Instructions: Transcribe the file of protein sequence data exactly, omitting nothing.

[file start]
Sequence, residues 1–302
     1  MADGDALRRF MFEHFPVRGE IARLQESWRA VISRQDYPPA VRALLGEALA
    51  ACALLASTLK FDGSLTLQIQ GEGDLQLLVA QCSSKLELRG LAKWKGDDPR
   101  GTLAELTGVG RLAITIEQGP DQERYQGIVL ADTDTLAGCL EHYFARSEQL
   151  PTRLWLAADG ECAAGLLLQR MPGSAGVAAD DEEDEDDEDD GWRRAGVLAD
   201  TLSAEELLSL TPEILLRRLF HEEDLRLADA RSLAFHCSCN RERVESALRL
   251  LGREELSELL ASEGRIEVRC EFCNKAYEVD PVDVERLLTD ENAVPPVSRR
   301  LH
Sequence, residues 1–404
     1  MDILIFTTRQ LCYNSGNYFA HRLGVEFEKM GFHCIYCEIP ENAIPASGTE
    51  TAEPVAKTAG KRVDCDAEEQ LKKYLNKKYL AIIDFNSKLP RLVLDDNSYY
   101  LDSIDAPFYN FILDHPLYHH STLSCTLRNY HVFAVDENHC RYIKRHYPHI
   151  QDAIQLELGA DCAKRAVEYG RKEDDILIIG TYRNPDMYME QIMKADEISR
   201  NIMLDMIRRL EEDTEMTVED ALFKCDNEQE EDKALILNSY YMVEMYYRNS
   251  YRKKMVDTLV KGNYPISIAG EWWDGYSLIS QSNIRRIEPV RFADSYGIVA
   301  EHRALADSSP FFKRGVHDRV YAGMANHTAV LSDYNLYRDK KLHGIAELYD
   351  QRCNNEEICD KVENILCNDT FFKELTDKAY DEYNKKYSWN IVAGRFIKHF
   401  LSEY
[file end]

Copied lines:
Sequence, residues 1–302
     1  MADGDALRRF MFEHFPVRGE IARLQESWRA VISRQDYPPA VRALLGEALA
    51  ACALLASTLK FDGSLTLQIQ GEGDLQLLVA QCSSKLELRG LAKWKGDDPR
   101  GTLAELTGVG RLAITIEQGP DQERYQGIVL ADTDTLAGCL EHYFARSEQL
   151  PTRLWLAADG ECAAGLLLQR MPGSAGVAAD DEEDEDDEDD GWRRAGVLAD
   201  TLSAEELLSL TPEILLRRLF HEEDLRLADA RSLAFHCSCN RERVESALRL
   251  LGREELSELL ASEGRIEVRC EFCNKAYEVD PVDVERLLTD ENAVPPVSRR
   301  LH
Sequence, residues 1–404
     1  MDILIFTTRQ LCYNSGNYFA HRLGVEFEKM GFHCIYCEIP ENAIPASGTE
    51  TAEPVAKTAG KRVDCDAEEQ LKKYLNKKYL AIIDFNSKLP RLVLDDNSYY
   101  LDSIDAPFYN FILDHPLYHH STLSCTLRNY HVFAVDENHC RYIKRHYPHI
   151  QDAIQLELGA DCAKRAVEYG RKEDDILIIG TYRNPDMYME QIMKADEISR
   201  NIMLDMIRRL EEDTEMTVED ALFKCDNEQE EDKALILNSY YMVEMYYRNS
   251  YRKKMVDTLV KGNYPISIAG EWWDGYSLIS QSNIRRIEPV RFADSYGIVA
   301  EHRALADSSP FFKRGVHDRV YAGMANHTAV LSDYNLYRDK KLHGIAELYD
   351  QRCNNEEICD KVENILCNDT FFKELTDKAY DEYNKKYSWN IVAGRFIKHF
   401  LSEY